Straw Dogs

Feature Film

My intention with this film was to create a gothic film noir score that would serve the character development and unyielding story arc that drives us to the last act of home invasion and us versus them final standoff. Dark in tone but rich in color.
— Larry Groupe´


Screenwriter David Sumner travels with his wife Amy in his Jaguar to her homeland Blackwater, in rural Mississippi. Charlie, Amy’s high school sweetheart, invites David to hunt deer but leaves David alone in the woods while he goes back to rape Amy. She does not tell to David what happened and when drunken coach Tom Heddon calls Charlie and his friends to hunt down the loner Jeremy Niles who has accidentally killed the coach’s daughter, David decides to protect not only Jeremy, but also Amy and his honor. 

– Written by Claudio Carvalho, Rio de Janeiro, Brazil



When Larry Groupé and I first got together to discuss the score for the remake of Sam Peckinpah's Straw Dogs, we decided on using film noir films as our musical inspiration. The movie was intended to be big and ballsy, in your face—and part of that was going to be accentuated by a like-minded musical bed. And, sure enough, when we put it in the first pass of our film, it was filled with brass and strings—the music was there.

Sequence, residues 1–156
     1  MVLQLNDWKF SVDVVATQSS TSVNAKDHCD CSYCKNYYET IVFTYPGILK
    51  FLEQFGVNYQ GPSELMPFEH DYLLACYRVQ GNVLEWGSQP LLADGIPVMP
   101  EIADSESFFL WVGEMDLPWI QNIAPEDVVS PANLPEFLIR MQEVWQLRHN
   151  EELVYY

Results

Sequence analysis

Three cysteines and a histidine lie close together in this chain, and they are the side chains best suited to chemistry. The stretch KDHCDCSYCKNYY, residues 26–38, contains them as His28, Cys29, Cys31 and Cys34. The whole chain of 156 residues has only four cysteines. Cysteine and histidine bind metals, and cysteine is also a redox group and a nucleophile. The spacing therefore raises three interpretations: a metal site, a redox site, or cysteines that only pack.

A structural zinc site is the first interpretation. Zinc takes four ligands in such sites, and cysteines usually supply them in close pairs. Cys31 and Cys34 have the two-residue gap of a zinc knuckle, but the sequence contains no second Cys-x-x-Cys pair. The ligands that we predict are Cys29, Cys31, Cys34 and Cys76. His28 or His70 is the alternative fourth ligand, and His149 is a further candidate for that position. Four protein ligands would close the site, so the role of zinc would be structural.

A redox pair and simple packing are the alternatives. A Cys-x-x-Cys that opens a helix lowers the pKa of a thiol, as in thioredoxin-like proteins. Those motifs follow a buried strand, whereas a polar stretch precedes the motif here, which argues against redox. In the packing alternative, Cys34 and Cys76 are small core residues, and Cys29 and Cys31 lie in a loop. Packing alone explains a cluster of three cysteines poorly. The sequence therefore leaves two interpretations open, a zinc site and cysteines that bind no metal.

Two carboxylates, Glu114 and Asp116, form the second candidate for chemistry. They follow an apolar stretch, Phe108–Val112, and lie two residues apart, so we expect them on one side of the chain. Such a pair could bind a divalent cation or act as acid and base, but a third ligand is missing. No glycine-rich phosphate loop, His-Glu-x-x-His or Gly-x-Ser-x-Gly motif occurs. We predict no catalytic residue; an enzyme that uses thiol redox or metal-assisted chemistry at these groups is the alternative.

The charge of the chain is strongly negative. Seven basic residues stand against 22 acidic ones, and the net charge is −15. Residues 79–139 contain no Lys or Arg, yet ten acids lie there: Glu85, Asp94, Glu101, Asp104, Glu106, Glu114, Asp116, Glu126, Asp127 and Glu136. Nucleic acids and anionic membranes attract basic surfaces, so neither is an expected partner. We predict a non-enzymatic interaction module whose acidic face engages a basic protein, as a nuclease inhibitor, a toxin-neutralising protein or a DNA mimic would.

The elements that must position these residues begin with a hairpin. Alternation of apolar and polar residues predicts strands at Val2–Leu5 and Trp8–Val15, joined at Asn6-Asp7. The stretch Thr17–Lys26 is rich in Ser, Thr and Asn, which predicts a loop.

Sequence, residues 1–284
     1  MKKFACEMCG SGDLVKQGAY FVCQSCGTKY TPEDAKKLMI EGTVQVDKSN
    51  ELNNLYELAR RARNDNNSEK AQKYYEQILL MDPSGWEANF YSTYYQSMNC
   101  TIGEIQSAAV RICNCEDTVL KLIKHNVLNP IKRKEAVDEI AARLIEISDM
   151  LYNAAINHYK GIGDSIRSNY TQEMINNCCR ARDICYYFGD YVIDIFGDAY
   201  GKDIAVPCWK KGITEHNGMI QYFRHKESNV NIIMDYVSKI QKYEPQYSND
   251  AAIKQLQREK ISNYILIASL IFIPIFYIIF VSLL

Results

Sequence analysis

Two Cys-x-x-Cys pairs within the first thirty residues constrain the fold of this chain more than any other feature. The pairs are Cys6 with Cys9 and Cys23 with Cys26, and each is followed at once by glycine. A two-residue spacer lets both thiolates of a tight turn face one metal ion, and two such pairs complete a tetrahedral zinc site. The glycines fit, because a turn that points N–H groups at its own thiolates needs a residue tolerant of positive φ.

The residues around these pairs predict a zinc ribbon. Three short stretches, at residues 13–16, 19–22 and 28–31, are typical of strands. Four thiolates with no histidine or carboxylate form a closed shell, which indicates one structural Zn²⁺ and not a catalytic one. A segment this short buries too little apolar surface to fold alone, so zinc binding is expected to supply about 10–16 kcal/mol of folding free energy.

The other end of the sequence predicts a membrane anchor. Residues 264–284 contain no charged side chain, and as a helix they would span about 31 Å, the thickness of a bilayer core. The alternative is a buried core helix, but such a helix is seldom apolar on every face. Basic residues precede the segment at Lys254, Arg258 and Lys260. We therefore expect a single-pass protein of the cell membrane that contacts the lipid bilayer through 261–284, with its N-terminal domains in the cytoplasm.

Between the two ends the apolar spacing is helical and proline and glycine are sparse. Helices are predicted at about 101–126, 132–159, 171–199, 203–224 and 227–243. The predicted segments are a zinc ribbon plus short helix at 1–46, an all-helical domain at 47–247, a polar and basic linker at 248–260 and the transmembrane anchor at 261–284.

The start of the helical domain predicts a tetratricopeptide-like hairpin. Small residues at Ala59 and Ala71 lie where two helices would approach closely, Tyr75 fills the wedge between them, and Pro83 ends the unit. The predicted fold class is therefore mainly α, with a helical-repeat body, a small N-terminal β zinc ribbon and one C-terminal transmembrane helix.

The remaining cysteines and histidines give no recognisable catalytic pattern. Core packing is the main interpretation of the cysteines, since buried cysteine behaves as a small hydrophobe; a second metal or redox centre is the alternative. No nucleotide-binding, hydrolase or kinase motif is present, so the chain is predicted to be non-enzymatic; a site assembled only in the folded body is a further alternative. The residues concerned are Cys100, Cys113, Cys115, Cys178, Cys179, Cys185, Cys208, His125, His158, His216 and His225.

But then something happened, as it always does with Larry and his music. It became his own. This isn't unusual with great composers, I think. Every director sits with the composer of a film and throws around antecedents for the composer to consider. That's because most of us are not musically oriented. We don't know what we're talking about, so we attest towards what we do know. But then, the great ones, the ones like Larry, ask you to let them do something original—absolutely original. And that's what Larry did.

The score to Straw Dogs is bold. It is ballsy. But it also comes from both the mind and the heart of Larry Groupé. The film has a distinct melody—one that never lulls you but is also impossible to forget. It is filled with strings and brass but in a combination that is, I think, unique. When you listen to it, you'll note that there isn't a phrase in the entire score that isn't memorable. The music not only serves the emotions of the film but also serves as a memory of the film itself.

— Rod Lurie • Director/Writer